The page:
8. A white flower. I was staying at a middling type of Nairobi hotel, a few miles from the city center, when I noticed a white flower on the hallway floor leading to my room. It was from a reception being held to raise money for a young woman who had a place in an American college but could not get the necessary I-20 from INS because she needed a bank deposit for reserve purposes. This reception is known as a `harambee,' let's pull together, effort. The family gets important friends to act as sponsors, prints cards, hires a hotel reception room, gets people to come for a buffet meal, and then, after introducing the student, solicits funds for her I-20. Some families have enough money to get the I-20. Others save and then go `harambee' for the remainder.
9. The numbers. In Nov 02, 134,000 took the O level exam, 34,200 passed at acceptable university level, 9600 were accepted into the 6 public universities in Kenya, and maybe 5000 more will get into the 6 private universities. Leaving 18,000 university qualified to go where? What of the 100,000 who did not pass at a sufficient level for university admission? Those who go abroad cannot be considered as `brain drain,' as in the 60s.
10. The quality of education in Kenya. Following are some arithmetic questions from an exam for 5 and 6 year olds at the Nandi Academy. There are 40 children in the class. The room has a blackboard and a piece of chalk. As you glance at the questions ask yourself where in American schools are these skills encountered. The questions: 1) 13+10+16= ___ , 2) 13 books - 10 books = ______ books, 3) 11, 13, 15, ____, 4) A year has _____ months. Write your answer in words.
|Personal Reflections on Tanzania over a Period of Forty Years
Dean E. McHenry, Jr.
Morning had broken when the up-train on Tanzania's Central Line reached
the Gulwe (Mpwapwa) station last May. It had been forty years since I
first arrived at that station and the rush of memories from my
increasingly forgetful mind was intense. The whole first TEA group had
met at Columbia Teachers College in New York so long ago; Julius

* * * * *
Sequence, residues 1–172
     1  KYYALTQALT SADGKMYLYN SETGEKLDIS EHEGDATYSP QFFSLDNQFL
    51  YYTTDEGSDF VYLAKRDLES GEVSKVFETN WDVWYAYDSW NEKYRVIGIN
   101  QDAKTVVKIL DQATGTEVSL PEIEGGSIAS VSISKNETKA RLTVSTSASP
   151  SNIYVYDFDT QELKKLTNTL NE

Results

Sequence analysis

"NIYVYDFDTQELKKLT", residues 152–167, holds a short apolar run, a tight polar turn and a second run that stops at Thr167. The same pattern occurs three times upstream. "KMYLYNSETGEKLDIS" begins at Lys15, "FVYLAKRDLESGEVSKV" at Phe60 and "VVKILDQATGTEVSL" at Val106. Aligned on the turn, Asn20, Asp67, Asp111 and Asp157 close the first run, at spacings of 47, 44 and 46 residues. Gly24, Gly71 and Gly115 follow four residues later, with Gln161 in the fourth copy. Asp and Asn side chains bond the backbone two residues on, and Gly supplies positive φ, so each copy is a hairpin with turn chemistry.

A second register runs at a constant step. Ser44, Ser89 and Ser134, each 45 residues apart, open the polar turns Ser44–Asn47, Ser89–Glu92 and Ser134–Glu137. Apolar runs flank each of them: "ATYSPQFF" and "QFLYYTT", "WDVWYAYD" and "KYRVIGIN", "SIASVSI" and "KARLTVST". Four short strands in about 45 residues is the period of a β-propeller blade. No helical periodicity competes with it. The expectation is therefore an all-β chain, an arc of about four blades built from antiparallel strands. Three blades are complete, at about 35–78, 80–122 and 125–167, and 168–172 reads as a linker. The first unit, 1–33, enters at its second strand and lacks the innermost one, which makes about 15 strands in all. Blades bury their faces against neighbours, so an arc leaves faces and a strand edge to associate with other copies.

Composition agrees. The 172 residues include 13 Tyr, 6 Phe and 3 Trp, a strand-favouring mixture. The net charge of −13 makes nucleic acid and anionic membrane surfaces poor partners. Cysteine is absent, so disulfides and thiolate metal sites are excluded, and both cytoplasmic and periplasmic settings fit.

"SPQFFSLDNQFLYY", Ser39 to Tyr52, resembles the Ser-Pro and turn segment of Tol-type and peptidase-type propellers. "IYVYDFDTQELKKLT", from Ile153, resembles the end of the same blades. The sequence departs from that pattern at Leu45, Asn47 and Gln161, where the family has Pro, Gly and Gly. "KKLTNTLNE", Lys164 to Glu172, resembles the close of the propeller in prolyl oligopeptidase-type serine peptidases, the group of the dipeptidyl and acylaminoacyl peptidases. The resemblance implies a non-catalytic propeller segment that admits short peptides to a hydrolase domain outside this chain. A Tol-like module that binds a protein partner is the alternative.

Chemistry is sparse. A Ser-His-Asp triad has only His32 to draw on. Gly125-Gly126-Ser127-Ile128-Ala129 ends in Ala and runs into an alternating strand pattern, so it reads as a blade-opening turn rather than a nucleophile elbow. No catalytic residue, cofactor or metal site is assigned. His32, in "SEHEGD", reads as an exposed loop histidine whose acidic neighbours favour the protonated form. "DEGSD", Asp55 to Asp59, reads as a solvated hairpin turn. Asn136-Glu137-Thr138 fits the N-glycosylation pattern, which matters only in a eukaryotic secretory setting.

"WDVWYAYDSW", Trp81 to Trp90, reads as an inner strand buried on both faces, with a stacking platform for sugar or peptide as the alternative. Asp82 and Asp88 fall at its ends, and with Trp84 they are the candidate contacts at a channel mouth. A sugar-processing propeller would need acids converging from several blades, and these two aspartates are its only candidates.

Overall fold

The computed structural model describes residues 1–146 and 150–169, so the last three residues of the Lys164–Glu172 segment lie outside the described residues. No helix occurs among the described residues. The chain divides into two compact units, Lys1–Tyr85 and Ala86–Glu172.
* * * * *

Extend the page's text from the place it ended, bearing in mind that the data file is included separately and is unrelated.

Nyerere, who had been at the UN, came one evening to talk with us and
inspire us; that long flight, including the flat tire in Kano and the
chance to go up a minaret in the great mosque there; the classes at
Makerere; the vacation trip by car up to Karamoja, through West Nile,
into the Congo and back to Kampala; practice teaching at Kapsabet
Secondary School in Kenya; and then the boat and train down to Mpwapwa.
Those of us in B-Group were not the TEA pioneers at Mpwapwa Secondary
School. Joe Brady and Alex Cutrules were already there. Joe put us up
for quite a while until other houses became available. Like many
others, the experience molded much of what was to follow in my own life.
It was partly the historical period. When Tanganyika became independent, our group was at Makerere watching the fireworks and riding through Kampala in lorries with great hopes. No, it was more than hope, it was an assurance that the good life was going to come to our East African friends. So fascinating was the political change that I decided to shift from an undergraduate major in geology to do graduate work in political science with a focus on Africa.
But, when my term at Mpwapwa was over at the end of 1963, I took nine months getting home before starting graduate work at Indiana University. Most of those months were spent hitchhiking down to South Africa, catching a freighter from what is now Maputo to Dakar and traveling by local transport across West Africa, back to East Africa and down the Nile before heading east across the Middle East. It all intensified my sense of appreciation for the immensity of Africa and my sense of humility about what I knew of that continent.
I went back to Tanzania to do my dissertation research on development in Kigoma Region and taught a year at the University of Dar es Salaam before taking up a position at the University of Illinois. In a course I co-taught with Seth Singleton, an American Fulbrighter, was the head of the Revolutionary Front on campus, Yoweri Museveni, Uganda's current President. Unlike my TEA days, the vision of a socialist society had been developed, and radical voices echoed across the university. A couple of years later I was back for more research and spent two years in the mid-1970s at the University of Dar es Salaam. My research was on Ujamaa Villages and I had a little Honda CT-90 pikipiki that got me to villages all over the country.